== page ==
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Nigeria's Vice President Yemi Osinbajo

Osinbajo: New Nigeria Impossible without National Reawakening

The Vice President, Prof. Yemi Osinbajo yesterday noted that there should be an aggressive reawakening of its public consciousness and trust on the young demographic to lead the federation as a condition to build a new Nigeria.

He said the church “has a critical role in shaping the narrative of the country. There Is nothing apolitical about faith because religion at its core is preoccupied with the total welfare of the people.

He expressed the views at the second national symposium of Cherubim and Seraphim Movement (Surulere District) titled “The State, the Society and the Church” held at the church auditorium along Oshodi-Apapa road, Lagos.

Among others, the Minister of Works and Housing, Mr. Babatunde Fashola; Chief of Air Staff, Air Marshall Isiaka Amao and General Leader, Cherubim and Seraphim (Ayo Ni O), Dr. Sunday Funsho were present at the symposium.

Speaking at the symposium yesterday, Osinbajo explained that at the heart of our ongoing quest to get the potential of Nigeria and Nigerians to square up with its lived realities “is the need to reclaim our sense of private and public values.

“The Nigeria of our dreams cannot be attained without an aggressive reawakening of our public consciousness; without a sense of collective values rooted in the very principles our faiths espouse, principles of honesty and hard-work, mutual respect, cooperation, tolerance and fidelity to the common good.”

As a pastor who has spent over two decades in public service, the vice president said: “I have an unflinching faith in the capacity of Nigerians to build a country we can all be proud of.

“Like most of us, I have seen first-hand what Nigerians are capable of given the right environment and support. The Nigerian people, particularly the young people today, who are daring great odds to take their place under the sun, represent the beacon of hope for a new Nigeria.

“We must rise up to meet them with the values required to build a sustainable future and inspire them toward the moral imperative of doing good and honest work to the best of their ability, as a service to humanity and to God.”

Citing the book of Proverb 23:18, he said surely there “is hope and future for Nigeria. People’s voices must rise in the fervency of hope at this moment in our national life like never before.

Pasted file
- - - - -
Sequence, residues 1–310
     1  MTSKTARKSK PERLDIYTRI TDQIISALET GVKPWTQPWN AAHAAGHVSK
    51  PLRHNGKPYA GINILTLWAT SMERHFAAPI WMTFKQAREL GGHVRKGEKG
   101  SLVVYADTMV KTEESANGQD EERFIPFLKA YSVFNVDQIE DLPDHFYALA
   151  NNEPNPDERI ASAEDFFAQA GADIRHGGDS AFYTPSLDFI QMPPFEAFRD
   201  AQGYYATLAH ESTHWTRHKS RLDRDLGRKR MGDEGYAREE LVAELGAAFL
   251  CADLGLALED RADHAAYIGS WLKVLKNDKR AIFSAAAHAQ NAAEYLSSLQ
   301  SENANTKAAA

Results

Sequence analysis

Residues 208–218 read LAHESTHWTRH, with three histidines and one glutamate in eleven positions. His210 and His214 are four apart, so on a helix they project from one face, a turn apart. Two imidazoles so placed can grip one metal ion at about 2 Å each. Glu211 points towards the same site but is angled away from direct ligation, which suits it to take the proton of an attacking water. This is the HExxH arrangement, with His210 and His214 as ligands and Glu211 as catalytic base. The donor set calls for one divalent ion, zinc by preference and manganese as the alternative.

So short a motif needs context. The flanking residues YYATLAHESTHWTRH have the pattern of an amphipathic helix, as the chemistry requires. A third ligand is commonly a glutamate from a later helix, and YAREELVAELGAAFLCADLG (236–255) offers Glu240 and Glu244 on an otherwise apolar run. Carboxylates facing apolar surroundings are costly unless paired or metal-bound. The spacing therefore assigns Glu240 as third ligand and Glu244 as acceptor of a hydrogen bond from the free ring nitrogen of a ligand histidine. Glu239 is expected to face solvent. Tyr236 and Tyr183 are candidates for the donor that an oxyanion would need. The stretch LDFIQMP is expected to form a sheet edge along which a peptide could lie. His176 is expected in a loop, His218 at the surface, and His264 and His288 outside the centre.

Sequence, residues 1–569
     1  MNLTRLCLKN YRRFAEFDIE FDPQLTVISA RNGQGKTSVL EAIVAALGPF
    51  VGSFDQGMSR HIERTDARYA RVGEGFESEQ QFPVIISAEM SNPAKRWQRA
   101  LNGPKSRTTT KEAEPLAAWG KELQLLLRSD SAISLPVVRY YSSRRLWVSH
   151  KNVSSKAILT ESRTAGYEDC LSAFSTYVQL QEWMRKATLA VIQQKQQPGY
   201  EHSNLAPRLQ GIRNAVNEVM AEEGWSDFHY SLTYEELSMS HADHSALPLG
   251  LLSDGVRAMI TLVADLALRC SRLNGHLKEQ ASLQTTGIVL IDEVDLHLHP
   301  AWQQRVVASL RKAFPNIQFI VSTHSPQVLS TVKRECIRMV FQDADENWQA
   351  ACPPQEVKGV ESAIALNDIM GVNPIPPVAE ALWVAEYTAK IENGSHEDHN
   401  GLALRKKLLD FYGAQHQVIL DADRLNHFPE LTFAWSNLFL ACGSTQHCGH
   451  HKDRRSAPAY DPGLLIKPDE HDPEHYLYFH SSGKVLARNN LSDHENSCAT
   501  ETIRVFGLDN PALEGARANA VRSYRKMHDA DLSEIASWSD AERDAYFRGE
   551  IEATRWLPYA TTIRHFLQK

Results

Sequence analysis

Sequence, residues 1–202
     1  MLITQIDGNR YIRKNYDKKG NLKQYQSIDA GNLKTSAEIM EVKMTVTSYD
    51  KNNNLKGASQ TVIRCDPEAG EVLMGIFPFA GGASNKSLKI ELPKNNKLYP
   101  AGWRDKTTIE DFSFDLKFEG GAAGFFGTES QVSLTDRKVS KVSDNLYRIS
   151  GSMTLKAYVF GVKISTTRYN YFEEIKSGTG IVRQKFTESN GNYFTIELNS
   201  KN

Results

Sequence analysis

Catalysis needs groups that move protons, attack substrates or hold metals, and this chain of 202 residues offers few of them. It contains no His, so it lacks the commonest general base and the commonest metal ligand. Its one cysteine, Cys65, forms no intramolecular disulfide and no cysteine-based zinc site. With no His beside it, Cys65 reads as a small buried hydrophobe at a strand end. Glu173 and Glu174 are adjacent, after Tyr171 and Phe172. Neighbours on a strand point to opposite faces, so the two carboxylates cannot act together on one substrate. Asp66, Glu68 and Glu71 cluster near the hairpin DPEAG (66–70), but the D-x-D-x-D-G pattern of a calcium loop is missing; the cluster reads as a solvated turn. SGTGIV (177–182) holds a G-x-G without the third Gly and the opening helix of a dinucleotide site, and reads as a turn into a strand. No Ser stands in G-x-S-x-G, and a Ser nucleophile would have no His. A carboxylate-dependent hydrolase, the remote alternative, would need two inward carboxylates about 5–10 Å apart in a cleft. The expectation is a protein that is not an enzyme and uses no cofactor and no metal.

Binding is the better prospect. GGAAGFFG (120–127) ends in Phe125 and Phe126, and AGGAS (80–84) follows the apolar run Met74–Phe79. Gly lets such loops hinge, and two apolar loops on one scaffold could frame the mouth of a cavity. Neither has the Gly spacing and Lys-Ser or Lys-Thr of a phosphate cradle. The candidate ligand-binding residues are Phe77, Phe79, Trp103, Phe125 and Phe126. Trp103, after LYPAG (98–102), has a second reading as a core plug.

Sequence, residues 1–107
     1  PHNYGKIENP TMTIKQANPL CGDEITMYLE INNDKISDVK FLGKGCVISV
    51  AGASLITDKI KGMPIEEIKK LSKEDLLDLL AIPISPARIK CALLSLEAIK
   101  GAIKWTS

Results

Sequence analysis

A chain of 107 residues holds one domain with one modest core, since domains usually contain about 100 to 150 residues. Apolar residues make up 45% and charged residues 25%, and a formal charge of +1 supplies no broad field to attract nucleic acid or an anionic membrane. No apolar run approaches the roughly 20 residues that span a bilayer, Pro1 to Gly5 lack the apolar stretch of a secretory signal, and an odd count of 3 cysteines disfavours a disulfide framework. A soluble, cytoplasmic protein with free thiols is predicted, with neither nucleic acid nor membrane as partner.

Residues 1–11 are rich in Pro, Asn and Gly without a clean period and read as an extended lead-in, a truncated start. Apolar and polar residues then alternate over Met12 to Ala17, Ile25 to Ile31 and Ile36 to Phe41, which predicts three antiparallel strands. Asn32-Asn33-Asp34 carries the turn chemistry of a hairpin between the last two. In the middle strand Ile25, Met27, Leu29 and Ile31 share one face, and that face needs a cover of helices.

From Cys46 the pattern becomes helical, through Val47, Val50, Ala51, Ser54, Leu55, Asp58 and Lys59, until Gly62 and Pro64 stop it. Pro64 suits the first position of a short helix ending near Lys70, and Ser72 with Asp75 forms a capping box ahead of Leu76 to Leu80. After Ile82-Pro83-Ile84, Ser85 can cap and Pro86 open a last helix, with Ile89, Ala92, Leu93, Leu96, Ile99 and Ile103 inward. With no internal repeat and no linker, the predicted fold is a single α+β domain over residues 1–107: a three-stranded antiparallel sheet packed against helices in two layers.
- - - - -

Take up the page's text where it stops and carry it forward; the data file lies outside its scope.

“We have a duty and charge by God Himself to challenge the moral conscience of leadership when we do not live up to the standards of our office. We have the ears and the hearts of the people.

“We must inspire them through our own great example to look to the future with hope and to find that hope in their God-given abilities, in the strength of their character, in the enduring value of honest work and a patriotic commitment to the overall well-being of Nigeria.”

Admonishing the church, Osinbajo said the people of faith who understand the intersections between the state, society, and the church, had always been important to the overall state of affairs.

“Even in a democracy like ours, where the church has no direct control of the levers of state, its influence has never been in question.

“First, its unique moral positioning and authority allows it to serve as a moral arbiter between the people and their governments, inspiring every component of society to fulfil their duties and obligations to each other with integrity and competence.

“Secondly, given its proximity and direct influence on the people, the church possesses a subtle but potent political value, which politicians understand and have always courted.

“In wielding its power, with integrity and a clear conscience, the church is able to serve as a force for good. We have seen this happen across the world and through time,” the vice president said.

Giving his remarks, Fashola said the federation could change by following the path of China, which overcame its period of humiliation to emerge a dominant manufacturing hub in the world.

“The truth is that our development has outgrown our infrastructure needs at the moment. In 1975, I was 12 when the Apapa-Oworonshoki expressway was constructed. Have we expanded it since 1975?

“Around that time the Murtala Mohammed Airport was built to handle about four million passengers or so a year, but processes almost triple that now. Have we expanded that? If we are concerned now, is it just to make it better? How far that goes is a matter of debate and also about choice and resources.”

On his part, Amao said the church was highly influential in the society and the current socio-economic challenges affecting the nation, such as insecurity.

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